So, now Vincent has to take the drugs to the casino, stashing them in the gents while he negotiates his son’s release. Unfortunately, Bryant, who reckons he’s one of the dirty cops, has been tailing him, removes the drugs and stashes them somewhere else, calling in her partner, Dennison (David Harbour), so she can bust everyone at one go. So, when Vincent goes to get the bag and finds it gone, he has to improvise. Meanwhile, Novak is getting impatient, Rubino’s getting desperate and Vincent manages to survive far more beatings than a man who with a stomach stab wound might feasibly endure. Oh, yeh, and his worried nurse ex-wife (Gabrielle Union) keeps calling asking where their son’s got to. Vincent is, of course, undercover, but apparently no one knows it, not even Internal affairs, for which he works, because there’s so many corrupt cops he can’t trust anyone. Or tell his family. Especially given someone ratted out an informant to Novak and blew Bryant’s earlier operation. Who might that possibly be and who could possibly have removed the drugs from the locker where she hid them?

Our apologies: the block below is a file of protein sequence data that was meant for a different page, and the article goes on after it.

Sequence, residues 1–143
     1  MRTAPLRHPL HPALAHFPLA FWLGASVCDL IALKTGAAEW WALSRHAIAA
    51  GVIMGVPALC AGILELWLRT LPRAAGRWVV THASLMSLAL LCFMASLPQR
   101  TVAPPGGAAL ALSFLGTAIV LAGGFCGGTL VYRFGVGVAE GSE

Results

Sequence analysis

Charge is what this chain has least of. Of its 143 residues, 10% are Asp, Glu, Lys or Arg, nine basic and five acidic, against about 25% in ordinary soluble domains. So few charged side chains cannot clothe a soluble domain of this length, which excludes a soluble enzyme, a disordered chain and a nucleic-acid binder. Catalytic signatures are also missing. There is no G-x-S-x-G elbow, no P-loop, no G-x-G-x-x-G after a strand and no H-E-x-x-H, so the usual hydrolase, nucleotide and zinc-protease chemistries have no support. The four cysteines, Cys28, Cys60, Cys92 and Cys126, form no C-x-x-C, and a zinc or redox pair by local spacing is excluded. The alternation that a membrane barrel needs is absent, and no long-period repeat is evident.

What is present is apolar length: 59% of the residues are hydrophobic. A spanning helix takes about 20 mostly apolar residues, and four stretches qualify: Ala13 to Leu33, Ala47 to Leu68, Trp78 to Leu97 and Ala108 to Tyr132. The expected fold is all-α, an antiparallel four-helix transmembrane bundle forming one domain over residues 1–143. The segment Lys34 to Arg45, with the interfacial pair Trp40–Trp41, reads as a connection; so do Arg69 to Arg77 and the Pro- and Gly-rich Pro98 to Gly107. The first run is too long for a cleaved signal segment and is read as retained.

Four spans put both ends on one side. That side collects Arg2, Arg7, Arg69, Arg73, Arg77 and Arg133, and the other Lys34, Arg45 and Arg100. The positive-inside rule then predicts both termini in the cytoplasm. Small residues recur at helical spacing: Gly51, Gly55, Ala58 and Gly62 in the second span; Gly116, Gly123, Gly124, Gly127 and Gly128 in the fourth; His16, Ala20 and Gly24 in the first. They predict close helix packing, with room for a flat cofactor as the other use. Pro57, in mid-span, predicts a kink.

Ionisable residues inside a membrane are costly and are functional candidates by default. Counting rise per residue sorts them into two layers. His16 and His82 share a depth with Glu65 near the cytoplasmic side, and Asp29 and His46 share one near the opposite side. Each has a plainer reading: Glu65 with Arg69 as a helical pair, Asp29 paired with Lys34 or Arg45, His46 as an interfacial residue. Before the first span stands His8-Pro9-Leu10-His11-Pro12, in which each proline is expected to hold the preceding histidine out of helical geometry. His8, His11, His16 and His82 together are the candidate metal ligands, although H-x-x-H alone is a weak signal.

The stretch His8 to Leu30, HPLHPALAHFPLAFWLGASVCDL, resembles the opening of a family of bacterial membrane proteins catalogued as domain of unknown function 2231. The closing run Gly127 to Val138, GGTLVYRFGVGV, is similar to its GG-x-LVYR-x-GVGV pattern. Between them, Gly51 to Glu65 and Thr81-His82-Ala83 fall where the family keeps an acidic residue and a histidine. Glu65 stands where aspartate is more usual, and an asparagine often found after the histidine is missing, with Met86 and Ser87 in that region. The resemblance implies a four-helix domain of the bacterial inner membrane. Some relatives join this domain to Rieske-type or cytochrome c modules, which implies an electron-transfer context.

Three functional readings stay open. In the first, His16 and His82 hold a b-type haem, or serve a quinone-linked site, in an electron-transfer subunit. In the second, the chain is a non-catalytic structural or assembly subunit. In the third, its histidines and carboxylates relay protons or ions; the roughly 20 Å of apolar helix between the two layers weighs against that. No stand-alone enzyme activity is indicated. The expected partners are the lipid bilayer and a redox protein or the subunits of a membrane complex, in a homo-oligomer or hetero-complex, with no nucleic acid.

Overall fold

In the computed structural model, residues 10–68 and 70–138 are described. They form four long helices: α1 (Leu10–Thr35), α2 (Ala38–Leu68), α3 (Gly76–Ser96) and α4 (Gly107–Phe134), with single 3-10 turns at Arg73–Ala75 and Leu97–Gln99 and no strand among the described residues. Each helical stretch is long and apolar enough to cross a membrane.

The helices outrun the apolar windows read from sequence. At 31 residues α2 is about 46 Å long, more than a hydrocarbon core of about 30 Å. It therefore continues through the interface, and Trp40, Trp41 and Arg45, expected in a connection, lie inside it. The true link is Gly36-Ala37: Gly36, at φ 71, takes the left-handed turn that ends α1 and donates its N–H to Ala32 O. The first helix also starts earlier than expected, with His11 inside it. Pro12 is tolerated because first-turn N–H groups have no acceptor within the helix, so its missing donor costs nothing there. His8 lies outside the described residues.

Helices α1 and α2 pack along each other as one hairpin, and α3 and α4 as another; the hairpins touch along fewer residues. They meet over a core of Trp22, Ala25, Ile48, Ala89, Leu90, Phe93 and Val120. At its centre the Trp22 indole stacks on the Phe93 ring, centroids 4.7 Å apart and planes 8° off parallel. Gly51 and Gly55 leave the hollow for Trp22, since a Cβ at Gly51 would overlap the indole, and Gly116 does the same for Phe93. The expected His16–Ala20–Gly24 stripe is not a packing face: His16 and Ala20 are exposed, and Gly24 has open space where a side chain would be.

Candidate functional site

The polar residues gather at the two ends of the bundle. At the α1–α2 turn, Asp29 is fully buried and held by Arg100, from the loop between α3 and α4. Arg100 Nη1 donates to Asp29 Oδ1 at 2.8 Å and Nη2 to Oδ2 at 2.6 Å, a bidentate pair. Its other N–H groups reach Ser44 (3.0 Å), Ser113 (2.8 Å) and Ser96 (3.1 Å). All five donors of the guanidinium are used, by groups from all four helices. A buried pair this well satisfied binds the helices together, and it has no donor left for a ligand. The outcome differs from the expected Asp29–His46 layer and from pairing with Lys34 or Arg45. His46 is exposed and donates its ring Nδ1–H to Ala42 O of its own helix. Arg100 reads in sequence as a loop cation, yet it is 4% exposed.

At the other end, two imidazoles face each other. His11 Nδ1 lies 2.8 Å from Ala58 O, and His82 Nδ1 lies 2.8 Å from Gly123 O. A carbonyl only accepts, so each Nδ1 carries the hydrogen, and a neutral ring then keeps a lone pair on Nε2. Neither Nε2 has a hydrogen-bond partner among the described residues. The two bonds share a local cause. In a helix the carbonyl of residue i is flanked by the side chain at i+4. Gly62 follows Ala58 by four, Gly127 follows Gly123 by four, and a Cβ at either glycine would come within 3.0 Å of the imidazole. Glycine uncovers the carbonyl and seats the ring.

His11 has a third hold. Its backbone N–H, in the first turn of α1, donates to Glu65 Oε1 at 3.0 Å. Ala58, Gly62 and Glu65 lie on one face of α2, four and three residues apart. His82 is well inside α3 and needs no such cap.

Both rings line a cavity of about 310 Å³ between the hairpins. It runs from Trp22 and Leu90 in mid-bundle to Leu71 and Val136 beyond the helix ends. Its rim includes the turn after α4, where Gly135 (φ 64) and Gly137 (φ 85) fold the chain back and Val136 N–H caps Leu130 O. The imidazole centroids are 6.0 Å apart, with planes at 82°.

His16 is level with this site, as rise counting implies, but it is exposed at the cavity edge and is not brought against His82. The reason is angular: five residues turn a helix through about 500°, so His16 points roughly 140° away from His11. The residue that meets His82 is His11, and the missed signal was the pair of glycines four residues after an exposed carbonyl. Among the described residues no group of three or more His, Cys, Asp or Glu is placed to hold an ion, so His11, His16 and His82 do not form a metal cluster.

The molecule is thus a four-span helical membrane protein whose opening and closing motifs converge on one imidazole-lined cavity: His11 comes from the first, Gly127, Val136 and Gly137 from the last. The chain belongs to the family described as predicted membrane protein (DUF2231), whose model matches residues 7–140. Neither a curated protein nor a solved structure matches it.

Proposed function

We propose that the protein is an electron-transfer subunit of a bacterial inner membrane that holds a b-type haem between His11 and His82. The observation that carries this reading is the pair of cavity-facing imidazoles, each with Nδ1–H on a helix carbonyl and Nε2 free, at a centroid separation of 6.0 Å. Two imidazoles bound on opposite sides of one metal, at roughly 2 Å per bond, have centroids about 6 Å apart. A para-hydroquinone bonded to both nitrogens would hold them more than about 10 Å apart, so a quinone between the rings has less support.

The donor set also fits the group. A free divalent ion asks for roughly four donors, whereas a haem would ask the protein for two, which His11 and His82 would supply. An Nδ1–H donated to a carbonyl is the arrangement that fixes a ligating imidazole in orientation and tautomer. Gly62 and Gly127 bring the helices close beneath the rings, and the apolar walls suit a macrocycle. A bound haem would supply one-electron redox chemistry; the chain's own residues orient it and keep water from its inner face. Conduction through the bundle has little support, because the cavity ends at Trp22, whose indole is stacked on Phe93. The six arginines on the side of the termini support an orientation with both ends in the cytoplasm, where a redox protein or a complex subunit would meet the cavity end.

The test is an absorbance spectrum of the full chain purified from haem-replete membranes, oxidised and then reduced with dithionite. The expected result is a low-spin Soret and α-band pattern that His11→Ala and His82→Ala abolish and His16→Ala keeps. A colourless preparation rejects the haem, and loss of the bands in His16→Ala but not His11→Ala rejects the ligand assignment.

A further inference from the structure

The fact that pretty much all of this takes place within the casino over the course of one night is one of the increasingly implausible and nonsensically titled film’s few inspired touches. Director Baran bo Odar keeps things moving along and Foxx is solid enough on a one note level, but pretty much everyone else cranks things up to almost caricature levels, except, of course, for the one that doesn’t, just so you don’t guess this twist. As if. It ends with a clear set up for a sequel. Now, that would be a surprise. (Cineworld 5 Ways, NEC, Solihull; Odeon Broadway Plaza; Vue Star City)
Their Finest (12A)
Taking its title from a line in Churchill’s speech about the Battle of Britain, this is clearly pitched at an older audience and those with an affection for 40s British romantic melodramas. Relocated to wartime London from Wales to share a flat with her struggling artist husband (Jack Huston), copywriter Catrin Cole (Gemma Arterton) is hired by the Ministry Of Information Film Division to work on a propaganda shorts, to provide “the slop”, as the female dialogue is patronisingly termed, which, in turns, sees her assigned to join tetchy and cynical fellow screenwriter Tom Buckley (Sam Claflin) on a morale-boosting feature about Dunkirk.